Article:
September 1999 – 201 million people online worldwide

Nua could see themselves being squeezed: “The people running the company didn’t have the background to run a first-rate international consulting firm,” says O Lachtnain bluntly. So the decision was made to productise the content management and publishing software that had been developed for Local Ireland and larger client projects. Nua began to pitch for fewer jobs, and the consultancy tried to turn itself into a software company. Lawler’s ‘website-o-matic’ had become a reality.

Another driver was Nua’s search for another round of funding. Investment bankers tended to give a higher valuation to software developers than to consultants. “You’d make more money, basically,” says McGovern.

“The message was to expand,” he continues. “We didn’t have to if we didn’t want to, but we listened. I got carried away, as did lots of people. It just seemed in the middle of ‘99 that there were endless possibilities. Towards the end of ‘99 valuations were going crazy, and everything started to go insane. At that stage, we probably believed the hype too much.”

They weren’t the only ones. The best performing company on the NASDAQ in 1999 was wireless firm Qualcomm, which had seen its share price increase by 2,600% during the year, from $6 to $176 (it’s now at $27); Broadvision had gone from $10 to $170 over the same period (they’re now around $1.25).

Despite having very little software development experience, Nua focused its efforts on their product NuaPublish at the same time as growing rapidly – at their height, Nua and Local Ireland employed over 100 people. Tony Byrne was closely involved in the product’s development, and he tells a torturous tale. “We had no idea how to make this shift from consultancy to product development happen,” he says, and McGovern agrees that, “we certainly had a lot to learn.”

Consultants from Andersen Consulting (now Accenture) were called in to help with the development, but as Byrne recalls, “The Andersen consultants seemed to take a long time to get up to speed, and there was some friction with some of the Nua people, who didn’t know who they were supposed to be reporting to.”

Another employee caught in the middle of this was hired to manage content for client websites, but became a project manager working with the Andersen consultants when the company changed focus between her interview and her start date. “I really felt very quickly that the Nua management were crazy to be paying out top dollar to these people,” she says.

With slow progress being made, the consultants were eventually told their services were no longer required.

June 2000 – 337 million people online worldwide

The product they were working on was taking much longer than expected to reach the market, but the company was still scrambling to expand.

At the same time, McGovern was beginning to feel a little uncomfortable with his own role. “It was never my long-term ambition to be running a 100 or 200 person company,” he says. “There are different skillsets for different environments, and one isn’t necessarily appropriate for another. There’s a very solid managerial style when a company reaches maturity, and then there’s an entrepreneurial try-anything style.”

McGovern clearly saw himself more in the latter camp, and to help manage the growing company he hired prominent US executive Ray Koch as COO on a IRP200,000+ package. The plan was that Koch should quickly move to take over McGovern’s role as CEO.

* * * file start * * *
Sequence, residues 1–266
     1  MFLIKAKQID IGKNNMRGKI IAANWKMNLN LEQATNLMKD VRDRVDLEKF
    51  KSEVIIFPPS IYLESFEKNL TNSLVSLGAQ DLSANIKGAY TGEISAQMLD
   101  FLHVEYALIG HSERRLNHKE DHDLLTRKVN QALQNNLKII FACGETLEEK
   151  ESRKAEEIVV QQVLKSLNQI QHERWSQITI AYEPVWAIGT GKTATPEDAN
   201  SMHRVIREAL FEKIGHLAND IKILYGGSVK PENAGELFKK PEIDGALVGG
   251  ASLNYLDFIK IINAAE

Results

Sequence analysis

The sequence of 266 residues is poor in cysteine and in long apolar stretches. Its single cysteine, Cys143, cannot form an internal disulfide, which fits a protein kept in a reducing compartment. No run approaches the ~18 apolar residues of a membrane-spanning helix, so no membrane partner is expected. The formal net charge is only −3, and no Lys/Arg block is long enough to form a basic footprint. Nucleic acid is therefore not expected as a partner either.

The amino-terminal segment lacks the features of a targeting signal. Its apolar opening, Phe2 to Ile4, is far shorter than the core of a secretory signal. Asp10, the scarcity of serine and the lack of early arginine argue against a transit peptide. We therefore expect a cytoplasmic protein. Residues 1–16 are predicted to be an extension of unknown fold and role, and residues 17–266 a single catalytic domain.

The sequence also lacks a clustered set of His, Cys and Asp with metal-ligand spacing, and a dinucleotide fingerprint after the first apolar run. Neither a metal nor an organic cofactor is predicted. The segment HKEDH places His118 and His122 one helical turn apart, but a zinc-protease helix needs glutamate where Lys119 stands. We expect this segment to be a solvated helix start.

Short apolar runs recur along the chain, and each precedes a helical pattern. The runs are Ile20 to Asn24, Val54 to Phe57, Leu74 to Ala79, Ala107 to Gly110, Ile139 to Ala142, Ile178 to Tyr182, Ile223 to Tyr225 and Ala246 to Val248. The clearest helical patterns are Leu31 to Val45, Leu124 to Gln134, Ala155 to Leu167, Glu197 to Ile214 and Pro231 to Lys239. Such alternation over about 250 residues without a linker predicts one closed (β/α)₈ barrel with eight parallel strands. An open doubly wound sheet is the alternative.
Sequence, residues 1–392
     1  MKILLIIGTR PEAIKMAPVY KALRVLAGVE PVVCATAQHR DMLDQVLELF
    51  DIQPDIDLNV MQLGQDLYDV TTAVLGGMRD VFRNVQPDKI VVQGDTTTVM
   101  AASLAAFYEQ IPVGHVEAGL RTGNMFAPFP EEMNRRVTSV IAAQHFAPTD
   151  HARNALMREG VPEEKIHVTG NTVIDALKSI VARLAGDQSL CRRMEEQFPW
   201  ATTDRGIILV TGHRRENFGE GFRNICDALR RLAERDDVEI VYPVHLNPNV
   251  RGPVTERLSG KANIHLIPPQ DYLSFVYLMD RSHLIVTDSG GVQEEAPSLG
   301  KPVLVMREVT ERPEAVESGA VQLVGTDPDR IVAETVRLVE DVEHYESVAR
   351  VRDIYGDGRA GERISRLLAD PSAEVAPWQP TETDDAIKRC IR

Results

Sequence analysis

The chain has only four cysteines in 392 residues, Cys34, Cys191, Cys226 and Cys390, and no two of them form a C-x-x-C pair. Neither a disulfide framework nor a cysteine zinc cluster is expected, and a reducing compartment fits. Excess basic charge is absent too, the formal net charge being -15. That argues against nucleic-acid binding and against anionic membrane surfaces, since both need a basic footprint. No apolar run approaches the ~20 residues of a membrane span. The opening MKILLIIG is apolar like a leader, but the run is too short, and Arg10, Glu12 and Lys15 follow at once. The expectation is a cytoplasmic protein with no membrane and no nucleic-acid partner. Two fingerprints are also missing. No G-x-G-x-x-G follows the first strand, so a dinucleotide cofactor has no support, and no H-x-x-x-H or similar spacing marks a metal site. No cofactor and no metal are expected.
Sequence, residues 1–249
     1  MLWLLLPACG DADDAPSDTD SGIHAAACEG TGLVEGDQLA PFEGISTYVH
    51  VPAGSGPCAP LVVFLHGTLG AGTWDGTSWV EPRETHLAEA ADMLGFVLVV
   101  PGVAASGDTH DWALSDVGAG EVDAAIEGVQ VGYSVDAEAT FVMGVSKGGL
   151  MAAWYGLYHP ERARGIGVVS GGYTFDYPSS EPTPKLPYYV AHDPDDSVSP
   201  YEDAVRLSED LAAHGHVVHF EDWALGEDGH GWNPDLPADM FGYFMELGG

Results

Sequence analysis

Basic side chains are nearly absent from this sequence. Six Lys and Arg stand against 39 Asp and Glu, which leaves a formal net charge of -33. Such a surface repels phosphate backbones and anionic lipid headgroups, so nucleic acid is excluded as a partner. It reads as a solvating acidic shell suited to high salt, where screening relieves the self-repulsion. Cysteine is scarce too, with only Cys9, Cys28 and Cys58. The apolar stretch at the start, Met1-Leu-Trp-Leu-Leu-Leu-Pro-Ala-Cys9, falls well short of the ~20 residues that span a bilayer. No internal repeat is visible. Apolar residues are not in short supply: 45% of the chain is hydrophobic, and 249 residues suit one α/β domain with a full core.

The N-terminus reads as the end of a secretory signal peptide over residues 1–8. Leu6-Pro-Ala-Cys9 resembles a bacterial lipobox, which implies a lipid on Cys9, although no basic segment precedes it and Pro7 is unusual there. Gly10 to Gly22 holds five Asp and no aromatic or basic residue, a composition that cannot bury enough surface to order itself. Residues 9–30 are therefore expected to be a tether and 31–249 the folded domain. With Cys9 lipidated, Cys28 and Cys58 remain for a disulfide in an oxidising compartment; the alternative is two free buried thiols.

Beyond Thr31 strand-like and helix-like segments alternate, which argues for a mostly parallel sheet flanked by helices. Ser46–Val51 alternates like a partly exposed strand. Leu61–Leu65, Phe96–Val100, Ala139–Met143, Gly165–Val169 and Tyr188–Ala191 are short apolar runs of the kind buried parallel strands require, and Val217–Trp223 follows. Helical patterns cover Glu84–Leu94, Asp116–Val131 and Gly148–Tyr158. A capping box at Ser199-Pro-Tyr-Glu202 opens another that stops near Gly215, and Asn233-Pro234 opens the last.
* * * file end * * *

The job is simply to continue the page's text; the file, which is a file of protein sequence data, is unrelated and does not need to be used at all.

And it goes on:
With no more consultancy revenue, and very few sales of the delayed product, Nua had almost no income in 2000, aside from a loan from Eircom.

“Profitability wasn’t an issue,” explains McGovern. “It was how many people do you have, what volume of turnover can you get, how quickly can you expand.” JP Morgan were taken on to oversee the next funding round.  However, the company had missed its window – confidence in the new economy was waning fast , and Nua got hit from both sides. Not only were investors now more wary, but companies that should have been buying NuaPublish were scaling back their expenditure.

Nua had raised no more money, and the expected sales of NuaPublish had not materialised. Now survival not growth became the priority, and there were no longer places for Koch and Rob Norton, another big-ticket executive hired from the US.

“The company was designed as a racehorse that would run fast in an expanding market, but the market collapsed and you really needed a cart horse,” says McGovern.

Ironically, at this point work was finally nearing completion on the full-featured version of NuaPublish. “For me, that was the sad part,” says Byrne. “The thing was working well at last.”

In January 2001, 22 staff were laid off as McGovern and the other principals tried to secure funding for the company. The Irish/British consortium Garnham were interested, and McGovern maintains that they were very close to signing an agreement. “We were as certain as certain could be that a deal was there,” he says. Two days before they were due to sign in March, the NASDAQ suffered its highest ever percentage one-day fall and Garnham pulled out.

March 2001 – 458 million people online worldwide

Eircom’s attitude to its internet investments had changed, and there was to be no repeat of their loan from the previous year – Nua had run out of options. At the end of March the remaining staff were laid off without receiving their last month’s salary, and David Hughes from Ernst and Young was appointed as receiver.

Meanwhile, Local Ireland was similarly hitting the buffers. Depsite the Eircom investment, the site and its underlying infrastructure had never delivered on its promise. O Lachtnain provides an overview of the Local Ireland mistakes: “We tried to do too many things at once, we tried to go it alone too much, we didn’t make enough money soon enough.”